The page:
East Lothian’s Sports – an introduction
The county has a long and honourable sporting tradition. Golf and archery have been established for centuries. The origins of bowling and curling clubs lie deep in the past. Horse racing and field sports were also popular. Increased leisure time in the nineteenth century saw a proliferation of clubs representing an increasing number of activities. Rifle shooting, cricket, tennis, football and rugby flourished and professional sprinting was popular in our mining communities. Press reports, club minutes and county registers held at the John Gray Centre provide an invaluable insight into the membership and activities of clubs past (and present).
Sporting activities have left their impression on the landscape – if golf courses are the most obvious manifestation the more obscure include archery butts, rifle ranges, race courses and a multiplicity of curling ponds, bowling greens, courts, pitches and circuits. Croquet lawns adorned the policies of some of the larger houses and quoits pins were to be found in the more urban areas.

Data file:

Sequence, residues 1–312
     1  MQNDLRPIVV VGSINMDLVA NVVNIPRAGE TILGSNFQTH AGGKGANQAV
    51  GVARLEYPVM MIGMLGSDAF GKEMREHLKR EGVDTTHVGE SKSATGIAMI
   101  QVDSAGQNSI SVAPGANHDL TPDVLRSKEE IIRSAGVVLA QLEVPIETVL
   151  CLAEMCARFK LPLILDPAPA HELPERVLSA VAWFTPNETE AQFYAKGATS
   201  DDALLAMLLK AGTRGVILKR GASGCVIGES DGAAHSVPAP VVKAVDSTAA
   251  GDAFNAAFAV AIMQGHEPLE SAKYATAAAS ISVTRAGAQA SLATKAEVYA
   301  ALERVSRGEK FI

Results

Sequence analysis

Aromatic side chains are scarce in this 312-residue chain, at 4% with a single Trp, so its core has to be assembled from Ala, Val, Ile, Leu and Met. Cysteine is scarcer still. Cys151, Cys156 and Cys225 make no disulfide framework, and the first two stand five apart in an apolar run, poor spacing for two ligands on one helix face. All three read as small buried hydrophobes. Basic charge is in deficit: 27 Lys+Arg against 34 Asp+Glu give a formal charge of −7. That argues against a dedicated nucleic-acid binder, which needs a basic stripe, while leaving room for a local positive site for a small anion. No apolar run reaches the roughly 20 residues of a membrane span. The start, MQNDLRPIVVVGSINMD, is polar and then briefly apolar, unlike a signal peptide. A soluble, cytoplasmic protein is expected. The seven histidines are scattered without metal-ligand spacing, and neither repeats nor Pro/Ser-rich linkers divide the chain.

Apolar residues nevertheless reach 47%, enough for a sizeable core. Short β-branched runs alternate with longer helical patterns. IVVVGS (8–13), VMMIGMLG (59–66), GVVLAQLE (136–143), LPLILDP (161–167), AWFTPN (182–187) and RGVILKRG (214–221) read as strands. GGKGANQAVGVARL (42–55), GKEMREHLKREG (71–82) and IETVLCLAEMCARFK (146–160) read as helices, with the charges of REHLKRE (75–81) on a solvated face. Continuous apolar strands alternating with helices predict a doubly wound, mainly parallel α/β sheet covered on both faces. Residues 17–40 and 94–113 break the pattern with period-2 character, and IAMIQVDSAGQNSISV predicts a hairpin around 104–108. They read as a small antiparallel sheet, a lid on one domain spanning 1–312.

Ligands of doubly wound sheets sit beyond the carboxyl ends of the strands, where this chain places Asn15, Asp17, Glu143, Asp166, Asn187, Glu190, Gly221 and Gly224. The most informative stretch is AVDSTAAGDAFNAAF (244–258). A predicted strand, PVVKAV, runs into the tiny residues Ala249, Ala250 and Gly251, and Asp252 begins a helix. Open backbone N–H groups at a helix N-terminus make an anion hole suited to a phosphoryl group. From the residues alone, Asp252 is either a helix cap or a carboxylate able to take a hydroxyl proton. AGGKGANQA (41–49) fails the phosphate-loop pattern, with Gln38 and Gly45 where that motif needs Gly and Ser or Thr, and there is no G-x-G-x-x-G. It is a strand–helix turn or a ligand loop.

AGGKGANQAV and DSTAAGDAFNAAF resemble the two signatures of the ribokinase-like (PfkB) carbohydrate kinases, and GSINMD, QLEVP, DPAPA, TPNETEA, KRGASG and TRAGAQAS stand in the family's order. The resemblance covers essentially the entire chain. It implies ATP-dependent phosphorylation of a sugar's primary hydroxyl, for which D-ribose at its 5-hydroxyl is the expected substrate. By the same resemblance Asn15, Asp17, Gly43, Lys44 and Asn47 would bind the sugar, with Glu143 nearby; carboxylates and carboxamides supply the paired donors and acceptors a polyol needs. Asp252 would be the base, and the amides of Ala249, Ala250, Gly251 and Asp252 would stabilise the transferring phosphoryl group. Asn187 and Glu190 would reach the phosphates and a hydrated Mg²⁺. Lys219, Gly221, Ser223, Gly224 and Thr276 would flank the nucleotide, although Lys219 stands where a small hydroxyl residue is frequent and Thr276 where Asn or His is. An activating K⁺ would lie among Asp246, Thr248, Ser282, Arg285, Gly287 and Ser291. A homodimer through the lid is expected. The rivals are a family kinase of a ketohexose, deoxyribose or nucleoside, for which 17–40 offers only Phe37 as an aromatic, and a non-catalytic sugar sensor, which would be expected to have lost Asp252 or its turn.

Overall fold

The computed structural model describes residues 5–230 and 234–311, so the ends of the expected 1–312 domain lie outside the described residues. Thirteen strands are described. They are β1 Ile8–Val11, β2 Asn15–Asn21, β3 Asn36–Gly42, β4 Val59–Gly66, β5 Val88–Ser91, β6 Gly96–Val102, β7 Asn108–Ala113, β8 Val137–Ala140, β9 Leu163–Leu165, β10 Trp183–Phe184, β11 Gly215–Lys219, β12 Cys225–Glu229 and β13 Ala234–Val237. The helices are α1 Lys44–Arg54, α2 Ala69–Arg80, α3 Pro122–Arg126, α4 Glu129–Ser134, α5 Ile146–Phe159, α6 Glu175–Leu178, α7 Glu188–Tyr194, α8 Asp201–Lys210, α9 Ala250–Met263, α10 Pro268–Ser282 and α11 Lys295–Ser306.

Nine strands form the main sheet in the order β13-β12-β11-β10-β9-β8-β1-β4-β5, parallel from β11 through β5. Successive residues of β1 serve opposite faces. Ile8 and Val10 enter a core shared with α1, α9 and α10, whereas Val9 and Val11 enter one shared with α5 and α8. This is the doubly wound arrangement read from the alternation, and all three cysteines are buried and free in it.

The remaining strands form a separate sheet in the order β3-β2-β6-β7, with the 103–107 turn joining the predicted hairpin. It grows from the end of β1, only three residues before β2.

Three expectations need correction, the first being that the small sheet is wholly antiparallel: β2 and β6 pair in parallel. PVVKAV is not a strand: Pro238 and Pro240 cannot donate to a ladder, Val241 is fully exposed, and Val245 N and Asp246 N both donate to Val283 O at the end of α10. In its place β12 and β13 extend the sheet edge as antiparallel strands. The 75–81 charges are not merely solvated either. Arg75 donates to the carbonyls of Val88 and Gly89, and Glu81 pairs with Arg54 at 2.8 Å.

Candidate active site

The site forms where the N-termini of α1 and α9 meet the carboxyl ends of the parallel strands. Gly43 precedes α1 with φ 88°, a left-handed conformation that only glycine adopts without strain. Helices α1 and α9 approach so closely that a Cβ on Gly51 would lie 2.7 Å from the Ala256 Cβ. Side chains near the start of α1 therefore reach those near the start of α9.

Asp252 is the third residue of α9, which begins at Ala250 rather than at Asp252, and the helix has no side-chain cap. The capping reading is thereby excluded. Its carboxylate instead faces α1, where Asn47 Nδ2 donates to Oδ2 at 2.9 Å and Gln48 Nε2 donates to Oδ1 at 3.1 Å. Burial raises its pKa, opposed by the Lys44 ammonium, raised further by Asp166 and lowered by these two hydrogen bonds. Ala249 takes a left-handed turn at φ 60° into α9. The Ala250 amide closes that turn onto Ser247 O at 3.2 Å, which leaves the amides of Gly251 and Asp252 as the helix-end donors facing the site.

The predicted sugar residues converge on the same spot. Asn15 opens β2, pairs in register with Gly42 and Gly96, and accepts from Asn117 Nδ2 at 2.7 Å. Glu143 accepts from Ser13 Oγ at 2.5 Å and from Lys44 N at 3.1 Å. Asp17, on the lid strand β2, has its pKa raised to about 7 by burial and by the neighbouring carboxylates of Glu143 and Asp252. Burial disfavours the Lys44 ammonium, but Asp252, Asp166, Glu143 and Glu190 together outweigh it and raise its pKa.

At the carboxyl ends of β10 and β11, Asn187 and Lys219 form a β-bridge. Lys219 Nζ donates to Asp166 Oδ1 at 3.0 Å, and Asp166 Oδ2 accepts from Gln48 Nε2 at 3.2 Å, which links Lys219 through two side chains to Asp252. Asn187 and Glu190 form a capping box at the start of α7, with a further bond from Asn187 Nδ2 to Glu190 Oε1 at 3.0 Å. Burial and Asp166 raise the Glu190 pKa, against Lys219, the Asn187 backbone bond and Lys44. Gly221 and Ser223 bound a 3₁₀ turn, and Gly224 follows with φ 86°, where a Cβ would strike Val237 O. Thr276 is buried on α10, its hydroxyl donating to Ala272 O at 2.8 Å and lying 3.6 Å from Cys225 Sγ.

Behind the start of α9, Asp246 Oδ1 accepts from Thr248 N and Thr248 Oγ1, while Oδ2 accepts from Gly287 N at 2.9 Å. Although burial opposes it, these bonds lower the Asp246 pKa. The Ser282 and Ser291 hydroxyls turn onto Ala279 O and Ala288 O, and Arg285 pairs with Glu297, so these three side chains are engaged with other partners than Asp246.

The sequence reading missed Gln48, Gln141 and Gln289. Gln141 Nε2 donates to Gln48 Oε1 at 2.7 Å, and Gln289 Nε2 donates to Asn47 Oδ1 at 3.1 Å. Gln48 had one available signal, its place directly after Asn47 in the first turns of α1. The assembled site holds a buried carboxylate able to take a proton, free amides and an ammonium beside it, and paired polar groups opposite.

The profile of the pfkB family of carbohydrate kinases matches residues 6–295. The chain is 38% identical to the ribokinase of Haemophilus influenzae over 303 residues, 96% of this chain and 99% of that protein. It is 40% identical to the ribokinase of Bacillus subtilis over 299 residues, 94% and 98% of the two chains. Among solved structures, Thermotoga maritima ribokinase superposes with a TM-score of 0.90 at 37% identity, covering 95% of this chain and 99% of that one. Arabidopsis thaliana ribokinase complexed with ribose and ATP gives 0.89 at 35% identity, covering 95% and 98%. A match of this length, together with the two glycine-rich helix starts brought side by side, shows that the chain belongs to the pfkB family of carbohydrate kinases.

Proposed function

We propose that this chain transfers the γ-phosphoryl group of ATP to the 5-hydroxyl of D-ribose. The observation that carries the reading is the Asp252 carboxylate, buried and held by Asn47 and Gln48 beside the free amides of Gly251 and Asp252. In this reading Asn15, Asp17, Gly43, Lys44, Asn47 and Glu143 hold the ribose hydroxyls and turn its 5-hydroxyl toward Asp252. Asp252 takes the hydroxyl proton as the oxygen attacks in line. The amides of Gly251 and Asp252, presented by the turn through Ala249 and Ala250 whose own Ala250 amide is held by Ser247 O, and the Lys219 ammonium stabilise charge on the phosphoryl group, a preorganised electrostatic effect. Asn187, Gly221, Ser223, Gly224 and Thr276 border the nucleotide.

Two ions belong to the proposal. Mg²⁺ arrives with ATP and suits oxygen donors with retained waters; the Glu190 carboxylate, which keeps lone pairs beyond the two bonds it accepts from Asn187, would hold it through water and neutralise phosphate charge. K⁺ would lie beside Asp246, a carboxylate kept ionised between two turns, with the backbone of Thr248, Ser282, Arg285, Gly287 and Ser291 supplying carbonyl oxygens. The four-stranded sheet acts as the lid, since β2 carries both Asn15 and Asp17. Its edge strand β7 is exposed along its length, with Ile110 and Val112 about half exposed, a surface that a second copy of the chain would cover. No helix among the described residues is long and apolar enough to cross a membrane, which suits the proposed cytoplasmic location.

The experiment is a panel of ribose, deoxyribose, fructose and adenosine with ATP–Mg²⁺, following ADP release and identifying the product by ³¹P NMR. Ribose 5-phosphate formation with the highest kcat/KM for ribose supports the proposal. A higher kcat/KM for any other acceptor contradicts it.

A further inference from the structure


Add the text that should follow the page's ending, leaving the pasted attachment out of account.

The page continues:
The county has produced its share of champions. They include rugby internationalists Finlay Calder and Derek White; the bowler Willie Wood, golfers Ben Sayers and Open champions Musselburgh’s Park family (Mungo, Willie, & Willie Jr) with Catriona Matthew of the present day; sidecar racer Jock Taylor of Pencaitland; Musselburgh’s runner Yvonne Murray and Tranent’s pro sprinter George McNeil; and footballers galore. Even the now obscure Victorian sport of competitive pedestrianism is represented by Haddington’s Robert Carlisle.
The links on this page highlight some of our collections relating to sportspersons and their activities. At the end of July 2012 the John Gray Centre will take sporting history as its theme. If you have any suggestions for us or would like to contribute yourself please don’t hesitate to get in touch in person at the John Gray Centre in Haddington, or email us, or comment below, or share a story about this topic at Your Stories.